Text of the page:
Tuesday, 21 June 2011

The Boy in the Striped Pyjamas by John Boyne

** No Spoiler Included **

It is likely that most people now know what this book is about, due to the film released in 2008.  Even if you haven’t seen the film, you’re likely to have come across the trailers.  Initially, they wanted you to start reading the book without knowing the subject matter (the original synopsis of John Boyne’s book was:

"The story of "The Boy in the Striped Pyjamas" is very difficult to describe. Usually we give some clues about the book on the cover, but in this case we think that would spoil the reading of the book. We think it is important that you start to read without knowing what it is about. If you do start to read this book, you will go on a journey with a nine-year-old boy called Bruno. (Though this isn't a book for nine-year-olds.) And sooner or later you will arrive with Bruno at a fence. We hope you never have to cross such a fence.") 

However, this has now been taken away due to the prevalence of the film.  Therefore, the newest edition of the book features a slightly more detailed synopsis.  However, I am not going to go into detail about the plot of this book.
John Boyne is an Irish author, and although this is his fifth novel, it is his first book written for children.  My initial reaction to this was that given the subject matter, I didn’t think it was particularly appropriate for children.  However, given that the back of the original book states “this isn’t a book for nine-year olds”, I take some comfort from it being written for slightly older children.  Indeed, when I think back to my school days, we were taught about the Holocaust from a relatively young age in secondary school.  John Boyne himself addresses this concern by saying that ‘I do feel that young readers can approach serious subjects like this if the stories are told in the right way and I tried to tell it in the right way’ .  I do agree with this, the story is told from Bruno’s point of view, who at nine years old, is relatively naïve and innocent.  Therefore, although the story is tragic, it is not told in a particularly graphic way that would scar you for life.
It is certainly accessible to younger readers, but because the story is told by a child who doesn’t understand the full extent (if at all) of what is happening around him, I think a prior knowledge of the Holocaust would be needed to really appreciate this book.  Therefore, I’m not entirely convinced that the premise of this book being for younger readers isn’t flawed.  For example, Bruno mistakes Auschwitz for “Out-With” and refers to Hitler as “The Fury”, instead of the Führer.  None of these mistakes are explicitly corrected in the book, and the reader is presumed to be able to work it out themselves.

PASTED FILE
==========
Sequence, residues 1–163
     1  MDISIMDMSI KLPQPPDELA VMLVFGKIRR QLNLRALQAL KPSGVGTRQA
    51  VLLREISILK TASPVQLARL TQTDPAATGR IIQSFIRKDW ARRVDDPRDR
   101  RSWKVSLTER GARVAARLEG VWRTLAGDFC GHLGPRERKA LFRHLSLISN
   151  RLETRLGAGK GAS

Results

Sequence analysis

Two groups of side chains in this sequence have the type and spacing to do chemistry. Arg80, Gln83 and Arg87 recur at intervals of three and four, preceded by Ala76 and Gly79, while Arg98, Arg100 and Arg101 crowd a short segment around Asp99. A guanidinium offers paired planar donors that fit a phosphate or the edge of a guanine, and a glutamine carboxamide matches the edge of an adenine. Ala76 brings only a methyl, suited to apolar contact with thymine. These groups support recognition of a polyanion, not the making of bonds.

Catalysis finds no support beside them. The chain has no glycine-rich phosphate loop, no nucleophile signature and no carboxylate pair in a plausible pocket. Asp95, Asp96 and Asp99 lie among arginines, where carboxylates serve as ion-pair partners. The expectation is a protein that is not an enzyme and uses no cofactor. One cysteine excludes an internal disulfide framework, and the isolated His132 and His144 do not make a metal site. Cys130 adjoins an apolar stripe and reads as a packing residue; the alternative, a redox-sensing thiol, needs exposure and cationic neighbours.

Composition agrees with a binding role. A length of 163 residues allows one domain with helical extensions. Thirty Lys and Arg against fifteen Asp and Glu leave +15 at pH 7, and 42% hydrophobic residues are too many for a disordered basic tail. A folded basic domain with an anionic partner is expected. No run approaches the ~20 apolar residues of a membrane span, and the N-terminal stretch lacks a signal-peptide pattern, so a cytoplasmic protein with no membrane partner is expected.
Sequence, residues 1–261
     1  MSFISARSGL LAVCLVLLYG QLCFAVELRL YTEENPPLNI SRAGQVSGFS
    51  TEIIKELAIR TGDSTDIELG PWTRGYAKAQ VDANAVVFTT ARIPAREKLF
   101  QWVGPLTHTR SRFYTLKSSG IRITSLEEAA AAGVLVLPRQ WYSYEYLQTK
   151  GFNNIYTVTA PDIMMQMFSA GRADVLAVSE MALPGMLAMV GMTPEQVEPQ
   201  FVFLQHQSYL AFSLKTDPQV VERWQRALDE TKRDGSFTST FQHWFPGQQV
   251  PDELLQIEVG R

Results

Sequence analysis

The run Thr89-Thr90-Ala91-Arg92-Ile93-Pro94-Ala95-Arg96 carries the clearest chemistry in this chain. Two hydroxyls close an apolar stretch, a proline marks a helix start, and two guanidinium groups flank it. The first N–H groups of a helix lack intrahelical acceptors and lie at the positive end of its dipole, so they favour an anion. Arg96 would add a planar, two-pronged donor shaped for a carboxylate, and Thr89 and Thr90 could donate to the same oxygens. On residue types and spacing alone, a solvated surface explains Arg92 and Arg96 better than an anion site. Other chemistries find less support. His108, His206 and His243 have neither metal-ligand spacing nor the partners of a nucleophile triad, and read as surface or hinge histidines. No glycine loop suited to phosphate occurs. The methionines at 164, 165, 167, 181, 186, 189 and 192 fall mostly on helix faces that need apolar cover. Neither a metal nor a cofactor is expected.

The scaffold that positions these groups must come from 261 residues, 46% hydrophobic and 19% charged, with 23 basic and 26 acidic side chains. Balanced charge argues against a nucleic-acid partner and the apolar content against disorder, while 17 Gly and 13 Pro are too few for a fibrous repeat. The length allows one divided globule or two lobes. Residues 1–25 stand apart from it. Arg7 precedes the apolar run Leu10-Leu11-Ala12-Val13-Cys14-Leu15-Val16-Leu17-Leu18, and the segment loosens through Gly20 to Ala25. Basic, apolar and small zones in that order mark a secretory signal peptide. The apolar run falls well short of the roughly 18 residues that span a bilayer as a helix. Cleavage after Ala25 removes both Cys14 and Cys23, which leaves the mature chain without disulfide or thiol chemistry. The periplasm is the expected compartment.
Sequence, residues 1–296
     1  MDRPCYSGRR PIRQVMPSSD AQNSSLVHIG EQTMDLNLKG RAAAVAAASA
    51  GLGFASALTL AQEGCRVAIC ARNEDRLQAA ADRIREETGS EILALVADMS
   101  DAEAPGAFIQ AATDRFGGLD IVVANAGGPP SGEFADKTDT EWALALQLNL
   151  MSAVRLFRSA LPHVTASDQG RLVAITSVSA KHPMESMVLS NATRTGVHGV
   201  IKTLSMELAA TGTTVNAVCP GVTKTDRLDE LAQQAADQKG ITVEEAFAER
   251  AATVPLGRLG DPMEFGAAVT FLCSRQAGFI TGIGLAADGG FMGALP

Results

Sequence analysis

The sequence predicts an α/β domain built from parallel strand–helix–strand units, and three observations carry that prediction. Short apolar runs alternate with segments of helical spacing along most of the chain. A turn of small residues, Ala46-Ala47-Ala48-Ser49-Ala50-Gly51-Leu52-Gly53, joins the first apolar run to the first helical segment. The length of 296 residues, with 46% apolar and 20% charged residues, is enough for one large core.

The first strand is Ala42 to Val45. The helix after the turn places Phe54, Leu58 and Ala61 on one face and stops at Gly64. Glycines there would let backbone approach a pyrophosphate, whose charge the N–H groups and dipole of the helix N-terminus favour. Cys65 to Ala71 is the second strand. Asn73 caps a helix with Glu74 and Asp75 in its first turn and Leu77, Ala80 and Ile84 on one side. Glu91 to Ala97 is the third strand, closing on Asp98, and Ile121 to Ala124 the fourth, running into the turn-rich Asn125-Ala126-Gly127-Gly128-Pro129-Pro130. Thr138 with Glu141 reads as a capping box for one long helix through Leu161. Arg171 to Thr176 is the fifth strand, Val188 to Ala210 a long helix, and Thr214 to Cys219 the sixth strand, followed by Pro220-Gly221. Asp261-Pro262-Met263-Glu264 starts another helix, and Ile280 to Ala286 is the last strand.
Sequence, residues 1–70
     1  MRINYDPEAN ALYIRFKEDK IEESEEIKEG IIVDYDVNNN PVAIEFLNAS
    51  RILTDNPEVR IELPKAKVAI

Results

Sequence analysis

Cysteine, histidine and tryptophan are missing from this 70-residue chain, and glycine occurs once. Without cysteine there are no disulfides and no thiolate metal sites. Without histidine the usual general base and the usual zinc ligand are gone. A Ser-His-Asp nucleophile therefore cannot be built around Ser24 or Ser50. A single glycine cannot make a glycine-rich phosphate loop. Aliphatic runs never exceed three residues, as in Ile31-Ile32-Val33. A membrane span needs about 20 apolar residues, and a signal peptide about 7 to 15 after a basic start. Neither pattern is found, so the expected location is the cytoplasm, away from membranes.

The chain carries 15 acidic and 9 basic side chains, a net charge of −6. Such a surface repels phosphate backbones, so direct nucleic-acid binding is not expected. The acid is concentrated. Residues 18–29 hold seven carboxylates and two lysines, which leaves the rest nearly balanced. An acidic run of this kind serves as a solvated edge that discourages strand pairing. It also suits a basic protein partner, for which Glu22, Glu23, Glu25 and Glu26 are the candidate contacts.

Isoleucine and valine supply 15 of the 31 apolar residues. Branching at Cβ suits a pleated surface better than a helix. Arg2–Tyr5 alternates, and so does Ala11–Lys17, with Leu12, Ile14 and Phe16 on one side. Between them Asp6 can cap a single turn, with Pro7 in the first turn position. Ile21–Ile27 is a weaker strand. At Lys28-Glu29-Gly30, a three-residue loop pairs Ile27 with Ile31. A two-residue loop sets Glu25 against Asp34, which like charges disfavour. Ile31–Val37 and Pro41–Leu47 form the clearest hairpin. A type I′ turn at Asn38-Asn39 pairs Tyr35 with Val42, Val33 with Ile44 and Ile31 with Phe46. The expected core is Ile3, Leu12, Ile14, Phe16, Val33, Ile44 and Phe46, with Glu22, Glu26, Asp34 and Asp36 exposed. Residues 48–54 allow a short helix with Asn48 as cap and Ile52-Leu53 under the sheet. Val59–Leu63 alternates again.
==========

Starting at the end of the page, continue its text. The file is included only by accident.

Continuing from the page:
The book is 216 pages long, and printed in large text.  For me, it was easily readable in one sitting.  It certainly is young-person-friendly.  The narrative is certainly in keeping with being written from a nine year olds perspective, but at points I did find it slightly forced.  In particular, the repetition; I understand this is meant to add to the believability of the story being told by a chid but for me it felt a bit like the author had sat down and thought “now, how do I think like a nine year old”.  I wanted it to flow a little more.
I haven’t seen the film, but did see the trailers which certainly made me realise the film (and book) would be a heart-breaking story.  However, I am disappointed to say that the book didn’t quite live up to expectations for me.  Perhaps because I expected to be a bit more in depth and harrowing, and actually in comparison to these expectations, the book was quite light reading until the last few pages.  (Saying that, I am certainly not making light of the subject).  In my opinion, nothing much really happens throughout the majority of the story (although it wasn’t boring), until the last two chapters – which delivers a pretty strongly impacting twist which did make me gasp! 
However, the book isn’t realistic.  It is totally unfeasible that the son of the Commandant at Auschwitz, having lived at Auschwitz for a year, would never have heard the word Jew.  Bruno doesn’t grasp what is happening in the concentration camp at all, despite his bedroom window overlooking the camp.  Certainly, in reality, a boy of his age growing up in Germany in 1943 would know something about these things; he would certainly be taught to worship Hitler and to have strong negative feelings about Jews.
It certainly isn’t realistic, it has some quite major flaws and it isn’t historically accurate, and therefore if this sort of thing offends you then it’s probably best you give it a miss.  But if you can take it for what it is (and you've avoided the spoilers), it is worth a read if you have a spare couple of hours (even if for those last two chapters alone).  I presume the film is set heavily on the book, and so if you’ve seen the film, I imagine the book doesn’t really add anything!!

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